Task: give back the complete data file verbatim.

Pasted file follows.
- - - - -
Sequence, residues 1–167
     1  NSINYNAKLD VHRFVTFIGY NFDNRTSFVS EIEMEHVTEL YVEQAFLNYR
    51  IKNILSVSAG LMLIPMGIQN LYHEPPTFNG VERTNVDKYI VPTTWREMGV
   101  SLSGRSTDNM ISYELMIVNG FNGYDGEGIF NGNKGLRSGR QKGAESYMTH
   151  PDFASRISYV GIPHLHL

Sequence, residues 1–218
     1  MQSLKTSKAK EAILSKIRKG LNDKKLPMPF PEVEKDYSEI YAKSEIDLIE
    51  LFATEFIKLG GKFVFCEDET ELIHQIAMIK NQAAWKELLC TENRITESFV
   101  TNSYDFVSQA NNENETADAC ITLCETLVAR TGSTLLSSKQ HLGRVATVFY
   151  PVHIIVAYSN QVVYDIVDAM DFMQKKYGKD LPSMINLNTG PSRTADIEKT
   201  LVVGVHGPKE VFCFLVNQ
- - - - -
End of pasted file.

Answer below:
Sequence, residues 1–167
     1  NSINYNAKLD VHRFVTFIGY NFDNRTSFVS EIEMEHVTEL YVEQAFLNYR
    51  IKNILSVSAG LMLIPMGIQN LYHEPPTFNG VERTNVDKYI VPTTWREMGV
   101  SLSGRSTDNM ISYELMIVNG FNGYDGEGIF NGNKGLRSGR QKGAESYMTH
   151  PDFASRISYV GIPHLHL

Sequence, residues 1–218
     1  MQSLKTSKAK EAILSKIRKG LNDKKLPMPF PEVEKDYSEI YAKSEIDLIE
    51  LFATEFIKLG GKFVFCEDET ELIHQIAMIK NQAAWKELLC TENRITESFV
   101  TNSYDFVSQA NNENETADAC ITLCETLVAR TGSTLLSSKQ HLGRVATVFY
   151  PVHIIVAYSN QVVYDIVDAM DFMQKKYGKD LPSMINLNTG PSRTADIEKT
   201  LVVGVHGPKE VFCFLVNQ